There is a postdoctoral position available for a highly motivated investigator to explore unique mechanisms of immune activation in autoinflammatory diseases driven by a gain-of-function mutation in the cytosolic sensor STING or by the loss of DNAse II. The lab has developed murine models that recapitulate many of the clinical features of the corresponding human diseases. These models provide an opportunity for exploring the role type III IFNs, the radioresistant innate immune responses that initiate these conditions, and the further characterization of pathogenic T cells and B cells. The approach will utilize a combination of cellular immunology, multi-parameter flow cytometry, transcriptomics and bioinformatics to better understand the cross-regulation of innate and adaptive immune components in these conditions.
Qualifications include: a PhD in Immunology, Cell Biology, Molecular Biology or related discipline; a working knowledge of cellular immunology, B and T cell development, and innate immune pathways; hands-on laboratory experience in relevant methodologies, trouble-shooting technical problems, and data analysis; outstanding organizational and time management skills; and the ability to work both independently and as part of a team in a fast-paced environment.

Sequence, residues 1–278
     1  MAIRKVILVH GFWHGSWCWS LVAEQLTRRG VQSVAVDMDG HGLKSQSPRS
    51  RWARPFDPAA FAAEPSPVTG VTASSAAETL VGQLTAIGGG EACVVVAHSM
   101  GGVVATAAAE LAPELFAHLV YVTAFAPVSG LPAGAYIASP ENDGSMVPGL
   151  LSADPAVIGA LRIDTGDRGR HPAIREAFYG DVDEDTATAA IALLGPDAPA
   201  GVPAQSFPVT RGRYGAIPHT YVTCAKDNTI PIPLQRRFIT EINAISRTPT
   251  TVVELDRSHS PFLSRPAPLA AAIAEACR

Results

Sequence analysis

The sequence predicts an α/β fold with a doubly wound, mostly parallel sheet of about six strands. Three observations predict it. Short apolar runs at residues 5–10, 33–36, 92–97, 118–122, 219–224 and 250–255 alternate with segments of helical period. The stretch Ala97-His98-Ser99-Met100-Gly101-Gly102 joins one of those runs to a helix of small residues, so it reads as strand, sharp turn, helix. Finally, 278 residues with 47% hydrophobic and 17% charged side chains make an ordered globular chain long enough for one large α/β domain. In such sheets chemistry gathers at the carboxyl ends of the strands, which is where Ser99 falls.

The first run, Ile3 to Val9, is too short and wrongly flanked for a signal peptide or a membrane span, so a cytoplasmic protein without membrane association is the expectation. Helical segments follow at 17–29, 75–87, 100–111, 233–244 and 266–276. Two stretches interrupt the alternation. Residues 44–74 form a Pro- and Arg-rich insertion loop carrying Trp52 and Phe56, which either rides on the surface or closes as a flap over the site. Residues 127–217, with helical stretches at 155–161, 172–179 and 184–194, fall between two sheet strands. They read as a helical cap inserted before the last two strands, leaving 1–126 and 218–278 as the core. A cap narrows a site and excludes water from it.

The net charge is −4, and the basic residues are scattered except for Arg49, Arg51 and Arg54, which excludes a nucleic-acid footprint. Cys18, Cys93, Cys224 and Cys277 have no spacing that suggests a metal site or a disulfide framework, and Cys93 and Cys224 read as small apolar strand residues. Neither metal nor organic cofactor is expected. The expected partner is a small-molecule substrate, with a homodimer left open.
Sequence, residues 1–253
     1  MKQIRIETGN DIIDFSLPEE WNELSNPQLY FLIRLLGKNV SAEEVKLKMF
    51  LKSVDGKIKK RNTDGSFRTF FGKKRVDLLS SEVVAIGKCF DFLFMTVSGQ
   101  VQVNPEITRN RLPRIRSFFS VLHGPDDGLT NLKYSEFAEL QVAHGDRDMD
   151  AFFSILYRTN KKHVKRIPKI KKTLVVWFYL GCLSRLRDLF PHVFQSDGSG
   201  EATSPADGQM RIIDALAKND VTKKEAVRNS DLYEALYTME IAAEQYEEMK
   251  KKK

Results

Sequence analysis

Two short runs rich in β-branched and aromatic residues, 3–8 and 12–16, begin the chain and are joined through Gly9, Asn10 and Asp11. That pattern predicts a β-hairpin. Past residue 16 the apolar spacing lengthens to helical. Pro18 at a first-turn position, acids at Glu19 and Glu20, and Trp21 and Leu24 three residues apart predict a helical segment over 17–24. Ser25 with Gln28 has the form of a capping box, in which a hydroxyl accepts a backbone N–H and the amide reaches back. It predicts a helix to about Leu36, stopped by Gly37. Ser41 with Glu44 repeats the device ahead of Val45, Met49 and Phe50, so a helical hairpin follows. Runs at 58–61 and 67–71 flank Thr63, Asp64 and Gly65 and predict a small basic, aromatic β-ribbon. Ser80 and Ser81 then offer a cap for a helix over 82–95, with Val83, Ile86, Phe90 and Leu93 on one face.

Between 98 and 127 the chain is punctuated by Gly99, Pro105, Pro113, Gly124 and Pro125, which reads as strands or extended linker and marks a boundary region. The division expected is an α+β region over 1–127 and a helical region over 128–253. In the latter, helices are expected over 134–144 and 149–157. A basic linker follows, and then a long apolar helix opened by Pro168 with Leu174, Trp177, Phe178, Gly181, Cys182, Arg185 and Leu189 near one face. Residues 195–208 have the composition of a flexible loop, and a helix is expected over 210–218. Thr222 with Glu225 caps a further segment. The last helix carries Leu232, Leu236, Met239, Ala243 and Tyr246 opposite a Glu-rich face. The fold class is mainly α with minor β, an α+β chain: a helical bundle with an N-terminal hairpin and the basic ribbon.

Experience in the following techniques is preferred: handling/injecting/genotyping mice, preparation of lymphoid and non-lymphoid tissues for histology, isolation and cell culture of lymphocyte populations, multicolor flow cytometry, DNA/RNA purification and quantification, qPCR, enzyme-based immunoassays, and immunofluorescent/confocal microscopy, and database comparisons.
The position includes opportunities for project and career development, interaction with a diverse, talented and collegial immunology community at UMMS.
UMass Medical Center is an equal opportunity employer.
For more information, contact Ann Marshak-Rothstein at email@example.com.